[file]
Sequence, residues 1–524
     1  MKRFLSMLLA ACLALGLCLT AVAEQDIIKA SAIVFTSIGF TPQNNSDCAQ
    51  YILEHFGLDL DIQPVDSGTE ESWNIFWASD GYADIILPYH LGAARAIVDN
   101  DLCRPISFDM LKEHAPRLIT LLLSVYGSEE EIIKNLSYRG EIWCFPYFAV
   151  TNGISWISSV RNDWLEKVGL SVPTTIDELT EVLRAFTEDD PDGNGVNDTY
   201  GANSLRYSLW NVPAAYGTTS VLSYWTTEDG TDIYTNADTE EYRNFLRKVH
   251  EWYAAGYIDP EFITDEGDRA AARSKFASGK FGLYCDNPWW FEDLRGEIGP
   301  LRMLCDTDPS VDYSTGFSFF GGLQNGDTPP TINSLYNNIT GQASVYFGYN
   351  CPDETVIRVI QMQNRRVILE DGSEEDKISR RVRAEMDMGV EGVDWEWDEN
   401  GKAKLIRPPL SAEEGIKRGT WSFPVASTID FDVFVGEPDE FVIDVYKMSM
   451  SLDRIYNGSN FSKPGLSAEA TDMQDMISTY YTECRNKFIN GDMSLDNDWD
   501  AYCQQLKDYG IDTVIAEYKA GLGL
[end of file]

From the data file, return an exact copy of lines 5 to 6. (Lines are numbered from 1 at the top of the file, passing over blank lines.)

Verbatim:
   151  TNGISWISSV RNDWLEKVGL SVPTTIDELT EVLRAFTEDD PDGNGVNDTY
   201  GANSLRYSLW NVPAAYGTTS VLSYWTTEDG TDIYTNADTE EYRNFLRKVH